By asking yourself some very important questions, you can make this process a little less daunting and better align your emotions and finances with the end goal in mind

Emotional Aspect of Succession Planning

The word “result” is often associated with a financial transaction, but I’m here to remind you about the other important transaction that’s involved with selling a business, which is the emotional aspect of planning for life after your business. 

You need to be mentally and emotionally prepared for what that next phase in life would be like. Beyond relocating to a warmer climate and laying on the beach or by a pool all day, it’s important to imagine what actual retirement would mean for you and what would continue making you truly happy. That could be spending more time with kids and grandkids, becoming an expert on a new subject, joining a peer group, taking up a new hobby, or enjoying extended vacations. No matter what that “it” is, it needs to be thought about at length before you make the transition. You don’t want to wake up the first day after you sell your business and think to yourself, “OK, now what?

Ask Yourself:

  • What am I trying to accomplish and what are my main objectives? 
  • Am I prepared for my weekdays to become my weekends?
  • How will my lifestyle be affected by this change? 
  • What will continue to challenge me to stay mentally acute? 
  • Will I miss the feeling of importance when I don’t have employees relying on me or interacting with them on a regular basis? 
  • Do I have an interest in staying involved in the company or industry and, if so, what does that look like? 
  • What needs to be done to ensure there is not a strain on family or close personal relationships during this process?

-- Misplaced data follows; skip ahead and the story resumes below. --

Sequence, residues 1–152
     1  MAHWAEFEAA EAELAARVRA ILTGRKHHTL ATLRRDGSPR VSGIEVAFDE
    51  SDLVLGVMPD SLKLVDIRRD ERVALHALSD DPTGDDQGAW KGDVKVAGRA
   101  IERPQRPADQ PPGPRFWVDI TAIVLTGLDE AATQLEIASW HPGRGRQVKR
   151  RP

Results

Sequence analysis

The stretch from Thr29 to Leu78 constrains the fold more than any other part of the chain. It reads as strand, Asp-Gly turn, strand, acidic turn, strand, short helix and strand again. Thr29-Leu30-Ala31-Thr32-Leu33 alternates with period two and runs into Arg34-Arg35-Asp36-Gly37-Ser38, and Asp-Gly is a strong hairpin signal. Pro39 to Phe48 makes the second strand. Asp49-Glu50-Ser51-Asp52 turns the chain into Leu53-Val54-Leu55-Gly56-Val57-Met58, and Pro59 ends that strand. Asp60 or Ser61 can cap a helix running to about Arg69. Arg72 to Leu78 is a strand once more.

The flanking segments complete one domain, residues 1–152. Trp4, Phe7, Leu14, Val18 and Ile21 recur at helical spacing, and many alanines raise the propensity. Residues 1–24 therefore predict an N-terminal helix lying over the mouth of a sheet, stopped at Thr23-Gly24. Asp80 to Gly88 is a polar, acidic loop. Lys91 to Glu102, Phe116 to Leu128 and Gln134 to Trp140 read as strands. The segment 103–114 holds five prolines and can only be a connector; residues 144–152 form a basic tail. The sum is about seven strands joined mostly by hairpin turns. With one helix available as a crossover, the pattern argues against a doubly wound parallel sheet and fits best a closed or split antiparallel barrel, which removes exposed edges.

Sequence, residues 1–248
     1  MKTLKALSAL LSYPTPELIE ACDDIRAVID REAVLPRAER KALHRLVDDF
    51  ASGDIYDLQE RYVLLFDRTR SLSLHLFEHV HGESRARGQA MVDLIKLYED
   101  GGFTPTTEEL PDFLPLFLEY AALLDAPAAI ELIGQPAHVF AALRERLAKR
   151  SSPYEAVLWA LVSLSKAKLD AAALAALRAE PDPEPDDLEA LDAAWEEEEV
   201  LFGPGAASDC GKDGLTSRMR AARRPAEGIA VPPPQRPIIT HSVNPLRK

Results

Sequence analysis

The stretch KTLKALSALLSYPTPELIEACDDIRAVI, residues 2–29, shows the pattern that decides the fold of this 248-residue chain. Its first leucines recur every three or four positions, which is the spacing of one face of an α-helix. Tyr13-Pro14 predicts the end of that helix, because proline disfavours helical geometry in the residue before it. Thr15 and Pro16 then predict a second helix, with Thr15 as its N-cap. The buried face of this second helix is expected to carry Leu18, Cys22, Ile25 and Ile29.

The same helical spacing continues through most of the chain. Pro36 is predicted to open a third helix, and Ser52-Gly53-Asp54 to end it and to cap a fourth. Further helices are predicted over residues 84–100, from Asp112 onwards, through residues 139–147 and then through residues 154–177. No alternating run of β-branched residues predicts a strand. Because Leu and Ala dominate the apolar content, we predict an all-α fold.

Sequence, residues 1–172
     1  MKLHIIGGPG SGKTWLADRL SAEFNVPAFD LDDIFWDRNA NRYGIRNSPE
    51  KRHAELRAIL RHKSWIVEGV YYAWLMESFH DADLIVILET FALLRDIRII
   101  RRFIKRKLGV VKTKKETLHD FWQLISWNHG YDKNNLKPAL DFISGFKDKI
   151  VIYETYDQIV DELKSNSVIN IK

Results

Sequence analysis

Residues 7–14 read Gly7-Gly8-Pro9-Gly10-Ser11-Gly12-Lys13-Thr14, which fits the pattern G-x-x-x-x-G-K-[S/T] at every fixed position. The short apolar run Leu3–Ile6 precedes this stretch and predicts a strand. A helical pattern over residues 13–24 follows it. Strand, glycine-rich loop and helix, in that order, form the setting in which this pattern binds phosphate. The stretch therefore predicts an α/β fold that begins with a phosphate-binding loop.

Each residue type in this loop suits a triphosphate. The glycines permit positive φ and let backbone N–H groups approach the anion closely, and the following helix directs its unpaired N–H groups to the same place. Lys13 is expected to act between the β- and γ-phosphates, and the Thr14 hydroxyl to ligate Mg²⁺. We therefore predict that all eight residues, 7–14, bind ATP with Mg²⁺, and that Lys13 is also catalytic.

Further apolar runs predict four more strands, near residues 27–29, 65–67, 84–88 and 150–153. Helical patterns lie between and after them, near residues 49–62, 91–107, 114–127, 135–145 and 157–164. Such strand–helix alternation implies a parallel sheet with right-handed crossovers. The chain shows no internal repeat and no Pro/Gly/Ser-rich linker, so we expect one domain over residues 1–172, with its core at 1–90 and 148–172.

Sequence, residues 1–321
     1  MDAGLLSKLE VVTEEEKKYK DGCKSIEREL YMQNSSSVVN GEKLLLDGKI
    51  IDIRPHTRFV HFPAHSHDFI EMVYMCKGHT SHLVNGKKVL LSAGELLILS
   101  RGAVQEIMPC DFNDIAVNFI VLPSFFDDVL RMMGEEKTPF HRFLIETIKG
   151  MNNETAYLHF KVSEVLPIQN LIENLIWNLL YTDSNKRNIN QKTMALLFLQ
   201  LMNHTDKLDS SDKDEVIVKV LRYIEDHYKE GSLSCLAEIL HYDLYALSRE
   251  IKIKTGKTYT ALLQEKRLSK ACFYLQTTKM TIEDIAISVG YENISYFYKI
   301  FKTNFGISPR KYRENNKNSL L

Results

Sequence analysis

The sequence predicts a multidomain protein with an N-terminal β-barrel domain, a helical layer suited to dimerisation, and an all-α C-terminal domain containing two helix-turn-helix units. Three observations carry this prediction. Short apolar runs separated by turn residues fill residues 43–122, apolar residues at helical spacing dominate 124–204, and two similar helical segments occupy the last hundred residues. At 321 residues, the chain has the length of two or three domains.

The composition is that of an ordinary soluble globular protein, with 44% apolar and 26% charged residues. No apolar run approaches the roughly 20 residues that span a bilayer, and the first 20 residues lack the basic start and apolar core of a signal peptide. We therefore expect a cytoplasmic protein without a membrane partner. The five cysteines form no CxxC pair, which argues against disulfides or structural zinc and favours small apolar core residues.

Financial Aspect of Succession Planning

Having the right team of trusted advisors (financial advisor, attorney, accountant, etc.) that can help you develop an exit plan is crucial. They will give you confidence in your financial future and help maximize the sale of your business and allow you to focus on what retirement means for you. This starts with a financial advisor who takes a holistic view of your situation and has the ability to connect you with trusted attorneys and accountants or and advisor who is willing to work with the ones you already have relationships with.

They will have the ability to help you answer these questions:

  • What are the appropriate steps to take to get the most money out of the sale of the business and when should I start preparing?
  • Do I know exactly the amount of money I can live off comfortably in retirement?
  • What is the most productive way to generate income from my assets now that I won’t be working? 
  • What would be considered a “safe” withdrawal percentage from my funds when I retire and how is that created?
  • Will my plan still work if we have a major pullback or recession? 
  • Have I updated all my beneficiaries and picked the right people to take over my finances to make the best decisions regarding my health if I cannot?
  • Can I afford to give cash to family members or charitable causes; and if I can, how much?
  • If I want to pass the business along to a child, how is the best way to do that without them taking on large amounts of debt?
  • How do we make our gifting/estate equal amongst children who are not involved in the business? 
  • Will I be disappointed if my business sells for less than what I think it’s worth or I miss out on future growth?

While some of these questions are just the tip of the iceberg, they will help you prepare for what’s next and by getting in contact with professionals you will save yourself stress, time, and money.